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The sexual health of lesbian, gay, and bisexual patients in general practice: a review of the literature on barriers to discussion and medical training programs

The sexual health of lesbian, gay, and bisexual patients in general practice: a review of the literature on barriers to discussion and medical training programs

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An essay for the 2011 Undergraduate Awards (Ireland) Competition by Don Brandon Stott. Originally submitted for MB BCH BAO at University College Cork, with lecturer Dr. Louise Burgoyne in the category of Medical Sciences
An essay for the 2011 Undergraduate Awards (Ireland) Competition by Don Brandon Stott. Originally submitted for MB BCH BAO at University College Cork, with lecturer Dr. Louise Burgoyne in the category of Medical Sciences

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Published by: Undergraduate Awards on Aug 31, 2012
Copyright:Attribution Non-commercial

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10/27/2013

 
The Sexual Health of Lesbian, Gay,and Bisexual Patients in GeneralPractice: a review of the literatureon barriers to discussion andmedical training programs
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Abstract
Introduction/Background:
Sexual health is an important contributor to the overall well-being of a person and must be understood by medical professionals in a non-judgmentalway. This demands adequate knowledge and excellent communication. Sex andsexuality are still taboo subjects in society and medicine and have resulted in healthdisparities for lesbian, gay, and bisexual patients because of unique healthcare needs. It isimperative that medical practitioners understand the health needs of this patientpopulation. However, studies show that medical training in this area is widely lacking inworldwide.
Aim:
To identify and review literature on the barriers to sexual healthdiscussion in general practice, especially pertaining to the sexual health of lesbian, gay,and bisexual patients and the current medical training identified or implemented toovercome these barriers.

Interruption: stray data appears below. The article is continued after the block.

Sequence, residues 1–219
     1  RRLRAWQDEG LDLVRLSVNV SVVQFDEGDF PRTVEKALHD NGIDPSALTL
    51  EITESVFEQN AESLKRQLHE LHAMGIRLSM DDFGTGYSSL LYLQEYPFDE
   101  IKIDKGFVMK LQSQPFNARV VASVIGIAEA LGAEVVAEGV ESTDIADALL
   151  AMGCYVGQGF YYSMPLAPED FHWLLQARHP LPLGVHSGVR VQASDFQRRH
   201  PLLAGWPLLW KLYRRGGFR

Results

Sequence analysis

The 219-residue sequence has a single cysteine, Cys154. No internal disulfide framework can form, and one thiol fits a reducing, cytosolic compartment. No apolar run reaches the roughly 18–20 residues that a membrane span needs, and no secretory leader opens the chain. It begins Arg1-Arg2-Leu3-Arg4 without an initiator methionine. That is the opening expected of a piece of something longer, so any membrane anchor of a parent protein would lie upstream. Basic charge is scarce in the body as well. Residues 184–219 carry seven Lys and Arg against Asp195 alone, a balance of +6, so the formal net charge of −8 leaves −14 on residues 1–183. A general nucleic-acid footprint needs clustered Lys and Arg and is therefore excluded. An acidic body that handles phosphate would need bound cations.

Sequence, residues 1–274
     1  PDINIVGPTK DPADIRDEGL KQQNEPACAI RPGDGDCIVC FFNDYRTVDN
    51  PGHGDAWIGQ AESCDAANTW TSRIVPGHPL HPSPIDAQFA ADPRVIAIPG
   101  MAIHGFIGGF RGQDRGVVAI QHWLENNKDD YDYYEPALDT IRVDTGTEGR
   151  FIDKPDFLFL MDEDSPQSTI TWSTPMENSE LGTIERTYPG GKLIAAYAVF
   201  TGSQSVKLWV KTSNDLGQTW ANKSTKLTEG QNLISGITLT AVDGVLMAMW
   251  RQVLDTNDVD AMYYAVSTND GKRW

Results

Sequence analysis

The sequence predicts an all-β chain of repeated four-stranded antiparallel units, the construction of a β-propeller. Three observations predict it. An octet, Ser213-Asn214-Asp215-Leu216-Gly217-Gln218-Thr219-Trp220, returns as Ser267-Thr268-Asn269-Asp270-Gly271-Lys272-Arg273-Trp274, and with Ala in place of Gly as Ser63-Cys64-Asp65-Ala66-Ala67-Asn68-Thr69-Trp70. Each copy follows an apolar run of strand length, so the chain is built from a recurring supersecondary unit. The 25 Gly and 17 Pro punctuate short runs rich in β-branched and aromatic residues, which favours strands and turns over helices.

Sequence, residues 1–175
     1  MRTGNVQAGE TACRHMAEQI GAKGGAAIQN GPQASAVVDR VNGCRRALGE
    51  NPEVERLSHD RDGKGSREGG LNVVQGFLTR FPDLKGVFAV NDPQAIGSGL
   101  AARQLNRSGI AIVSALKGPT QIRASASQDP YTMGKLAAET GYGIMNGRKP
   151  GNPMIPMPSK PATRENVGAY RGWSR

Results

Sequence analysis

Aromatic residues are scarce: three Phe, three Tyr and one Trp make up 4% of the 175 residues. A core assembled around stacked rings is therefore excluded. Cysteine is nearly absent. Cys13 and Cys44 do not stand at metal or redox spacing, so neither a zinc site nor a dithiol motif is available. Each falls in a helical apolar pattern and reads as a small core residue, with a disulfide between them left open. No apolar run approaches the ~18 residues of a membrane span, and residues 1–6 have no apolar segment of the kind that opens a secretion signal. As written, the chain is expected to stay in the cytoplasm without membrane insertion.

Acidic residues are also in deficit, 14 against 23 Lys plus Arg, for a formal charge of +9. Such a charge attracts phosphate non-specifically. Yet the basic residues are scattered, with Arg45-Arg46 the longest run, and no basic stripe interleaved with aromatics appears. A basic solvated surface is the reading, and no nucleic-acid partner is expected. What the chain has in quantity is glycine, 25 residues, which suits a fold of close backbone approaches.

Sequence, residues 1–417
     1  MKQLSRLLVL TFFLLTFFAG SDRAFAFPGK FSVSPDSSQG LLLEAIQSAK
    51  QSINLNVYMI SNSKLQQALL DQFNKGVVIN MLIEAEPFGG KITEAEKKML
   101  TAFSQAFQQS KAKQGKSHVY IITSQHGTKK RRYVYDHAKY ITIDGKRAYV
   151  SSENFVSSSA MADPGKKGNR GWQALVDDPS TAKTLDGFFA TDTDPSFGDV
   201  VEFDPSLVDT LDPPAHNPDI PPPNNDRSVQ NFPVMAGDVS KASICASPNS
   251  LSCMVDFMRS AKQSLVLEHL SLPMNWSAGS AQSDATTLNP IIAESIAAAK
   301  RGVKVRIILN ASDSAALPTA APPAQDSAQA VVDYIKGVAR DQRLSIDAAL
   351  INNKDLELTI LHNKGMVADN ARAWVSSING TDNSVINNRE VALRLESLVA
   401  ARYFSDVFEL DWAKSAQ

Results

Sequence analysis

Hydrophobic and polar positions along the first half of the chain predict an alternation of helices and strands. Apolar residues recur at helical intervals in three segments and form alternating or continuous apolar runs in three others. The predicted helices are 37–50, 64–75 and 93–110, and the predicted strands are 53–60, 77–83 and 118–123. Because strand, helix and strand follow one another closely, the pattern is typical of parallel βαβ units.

Methods:
Online databases including PubMed, Interscience,Science Direct, and Google Scholar were used to search for articles examining sexualhealth barriers pertaining to the sexual health of lesbian, gay, and bisexual patients, aswell as articles exploring training or medical education in this area.
Results:
12 primaryresearch studies into the barriers to sexual health discussion with lesbian, gay, andbisexual patients were identified. In addition 8 primary articles and 1 opinion paper onmedical training programs in the area of diversity training and lesbian, gay, and bisexualhealth were reviewed. Barriers were either related to the physician or to the patient andincluded: negative past experiences, sex/gender, age, lack of knowledge, non-disclosure,heterosexist assumption, fear of discrimination, embarrassment, lack of appropriatelanguage, lack of training, time constraints. The results showed that very little training indiversity or sexual health is done by medical schools or medical training schemes aroundthe world. Research discovered that simply lecturing on the subjects was not effective andtraining courses must actively challenge belief systems through reflective, guided learning.
Discussion/Conclusion:
Very few studies exist which examine barriers to providingsexual healthcare to sexual minorities and even fewer studies which examine the state ofmedical curricula in this area. No studies reviewed were from Ireland, and all studiesfailed to adequately address both perceived barriers to sexual health discussion in generalpractice and the training needs of GPs together. My research study, “The training needs ofgeneral practitioners in the exploration of sexual health matters and providing sexualhealthcare to lesbian, gay, and bisexual patients”, seeks to identify barriers as experiencedby GPs, medical students, and lesbian, gay, and bisexual people in Ireland. It will alsoexplore the training needs of GPs from the perspective of GPs themselves, medicalstudents, and sexual minority patients. The goal of this study is to identify barriers, andsolutions to overcome these barriers by gaining insight into specific training needs, whichcould be used to improve medical education in this area.
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